Sophomore Jake Munger has a lot in common with his older brother senior Cole Munger.
Having grown up in the same household, the Mungers share many personality traits and interests. Jake and Cole have taken plenty of the same classes throughout the duration of their schooling, and they’ve had many of the same teachers. The two also play hockey—on the same team.
“It’s fun having my brother on the team,” Jake said, “and it’s helpful that I have someone to talk to; I’m more comfortable. We’re definitely a lot closer because we have something that we can do together now. Also, Cole is very helpful for [me while I’m going through] high school because he kind of taught me what to be like and what classes are like.”
With so much in common, there are some standards for Jake to live up to: expectations set by his parents, teachers, and coaches. As the youngest in his family and the sole sibling to his brother, Jake has a substantial amount of pressure to endure.
“I have a lot higher standards [because of my brother],” Jake said. “[My parents] expect me to achieve higher grades, and I have consequences if those falter. My coaches expect me to bring my all every day because my brother does; I’m expected to be a leader on the team even though I’m an underclassman.”
Although he realizes the weight of the goals other people have set for him, Jake understands that he is better because of them; he uses his brother as an example to set himself up for success and to push himself to be better.
This same situation, despite slight disparities, is recurrent throughout many FHC families. Parents and teachers frequently bestow expectations upon students based on their siblings’ performance in class.
Sophomore Julia Brown, the youngest of four and also a twin, is cognizant of this statement. Julia’s siblings set great examples—along with great expectations.
“My older sister is practically a genius,” Julia said. “I’ve always tried to be as successful as her, which is really hard to do. She’s really hard working. She gives her full effort in anything that she does, so I try to follow suit in that. I definitely push myself to be like her after seeing how successful she’s been.”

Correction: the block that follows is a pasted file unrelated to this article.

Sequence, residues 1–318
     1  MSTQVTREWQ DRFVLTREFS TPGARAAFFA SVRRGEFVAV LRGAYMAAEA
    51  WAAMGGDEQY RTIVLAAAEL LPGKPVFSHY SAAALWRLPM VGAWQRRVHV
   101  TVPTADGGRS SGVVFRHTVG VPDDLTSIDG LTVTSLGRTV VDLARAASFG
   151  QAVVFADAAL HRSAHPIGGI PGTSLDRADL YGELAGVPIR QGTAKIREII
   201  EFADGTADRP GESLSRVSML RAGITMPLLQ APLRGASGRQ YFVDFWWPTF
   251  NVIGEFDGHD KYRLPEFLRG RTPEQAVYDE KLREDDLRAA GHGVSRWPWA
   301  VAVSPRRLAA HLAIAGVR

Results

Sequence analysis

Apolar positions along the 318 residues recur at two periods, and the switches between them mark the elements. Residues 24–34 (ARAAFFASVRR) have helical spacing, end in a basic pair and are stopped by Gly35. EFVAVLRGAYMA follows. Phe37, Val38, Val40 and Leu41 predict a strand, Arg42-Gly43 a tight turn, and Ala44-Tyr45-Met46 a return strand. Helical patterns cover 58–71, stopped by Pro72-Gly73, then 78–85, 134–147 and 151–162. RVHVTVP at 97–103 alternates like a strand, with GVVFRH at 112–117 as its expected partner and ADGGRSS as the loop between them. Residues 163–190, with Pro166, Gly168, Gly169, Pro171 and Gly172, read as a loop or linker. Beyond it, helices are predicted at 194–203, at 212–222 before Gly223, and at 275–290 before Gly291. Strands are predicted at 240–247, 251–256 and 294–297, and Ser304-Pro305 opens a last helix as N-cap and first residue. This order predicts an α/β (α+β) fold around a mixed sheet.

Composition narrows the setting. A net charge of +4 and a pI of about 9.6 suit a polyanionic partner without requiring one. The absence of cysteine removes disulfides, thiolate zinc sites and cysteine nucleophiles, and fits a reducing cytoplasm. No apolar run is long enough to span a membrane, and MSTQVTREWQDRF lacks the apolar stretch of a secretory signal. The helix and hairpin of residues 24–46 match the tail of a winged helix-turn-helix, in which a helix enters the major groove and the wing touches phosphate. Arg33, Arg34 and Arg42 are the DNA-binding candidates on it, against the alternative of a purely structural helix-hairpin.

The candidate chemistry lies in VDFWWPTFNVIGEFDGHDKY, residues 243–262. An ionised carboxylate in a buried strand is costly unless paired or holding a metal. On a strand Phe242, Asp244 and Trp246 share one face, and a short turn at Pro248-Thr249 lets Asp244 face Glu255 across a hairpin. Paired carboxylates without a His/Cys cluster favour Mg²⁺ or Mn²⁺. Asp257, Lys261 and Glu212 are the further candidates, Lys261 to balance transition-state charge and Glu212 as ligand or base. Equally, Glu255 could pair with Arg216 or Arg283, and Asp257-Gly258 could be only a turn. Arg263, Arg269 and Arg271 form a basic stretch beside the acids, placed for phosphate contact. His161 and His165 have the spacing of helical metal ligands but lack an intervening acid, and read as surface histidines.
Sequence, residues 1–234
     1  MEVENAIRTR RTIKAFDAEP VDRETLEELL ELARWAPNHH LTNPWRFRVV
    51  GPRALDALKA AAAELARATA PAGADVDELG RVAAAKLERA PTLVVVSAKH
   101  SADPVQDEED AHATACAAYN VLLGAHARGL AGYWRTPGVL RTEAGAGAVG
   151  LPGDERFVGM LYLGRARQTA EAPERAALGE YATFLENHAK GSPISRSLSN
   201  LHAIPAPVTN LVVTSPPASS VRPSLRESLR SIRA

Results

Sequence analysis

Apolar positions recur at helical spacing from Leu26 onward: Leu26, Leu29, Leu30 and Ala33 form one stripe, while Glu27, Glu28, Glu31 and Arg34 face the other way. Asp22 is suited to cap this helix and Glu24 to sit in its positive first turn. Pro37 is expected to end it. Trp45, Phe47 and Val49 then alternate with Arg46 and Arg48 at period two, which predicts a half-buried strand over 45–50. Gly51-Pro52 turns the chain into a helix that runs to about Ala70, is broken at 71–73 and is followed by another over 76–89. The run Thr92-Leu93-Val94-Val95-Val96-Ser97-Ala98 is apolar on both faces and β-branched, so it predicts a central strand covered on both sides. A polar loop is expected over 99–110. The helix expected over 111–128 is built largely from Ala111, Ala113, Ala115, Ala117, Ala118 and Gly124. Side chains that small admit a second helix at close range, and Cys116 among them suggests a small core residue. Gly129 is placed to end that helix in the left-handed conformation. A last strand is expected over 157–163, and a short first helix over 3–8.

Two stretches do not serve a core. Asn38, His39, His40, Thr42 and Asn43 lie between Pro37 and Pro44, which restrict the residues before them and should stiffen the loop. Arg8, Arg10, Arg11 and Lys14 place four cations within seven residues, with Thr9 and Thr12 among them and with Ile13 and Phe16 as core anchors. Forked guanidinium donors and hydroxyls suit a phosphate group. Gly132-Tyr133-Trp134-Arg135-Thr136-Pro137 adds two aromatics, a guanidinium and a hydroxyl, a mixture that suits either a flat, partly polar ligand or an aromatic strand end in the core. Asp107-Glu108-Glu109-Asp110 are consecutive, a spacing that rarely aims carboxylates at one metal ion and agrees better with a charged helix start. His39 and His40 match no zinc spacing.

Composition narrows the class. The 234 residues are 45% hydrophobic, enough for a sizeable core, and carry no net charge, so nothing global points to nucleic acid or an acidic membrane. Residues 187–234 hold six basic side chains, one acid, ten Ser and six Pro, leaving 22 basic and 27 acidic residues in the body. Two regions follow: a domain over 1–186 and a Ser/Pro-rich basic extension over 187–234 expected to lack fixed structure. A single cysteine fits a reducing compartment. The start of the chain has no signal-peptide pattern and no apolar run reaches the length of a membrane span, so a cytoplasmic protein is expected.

Julia’s siblings—two FHC graduates and her twin sophomore Sam Brown—are significant assets to her success in high school. Not only are they role models in her life, but they are also sources of advice and guidance through high school.
Most of Julia’s classes have been taken by her siblings, which is a useful tool that she can utilize often.
“It’s really helpful that [Sam and I] have had the same teachers,” Julia said, “because we can use each other to study or to help with things we don’t understand. I can also ask for help from my older siblings about classes that they’ve taken, which is really nice.”
Like many younger siblings, Julia and Jake have both had the typical struggle on the first day of school. As soon as their names are called out while taking attendance, they hear the too-familiar phrase: “Are you related to…?”
This is the source of the expectations that many students feel they have to reach in order to be successful. When teachers automatically label kids as “the younger sibling of,” it can result in a decrease in interest in the class along with an increase in the student’s stress levels, depending on if they want to shy away from or live up to their sibling’s reputation.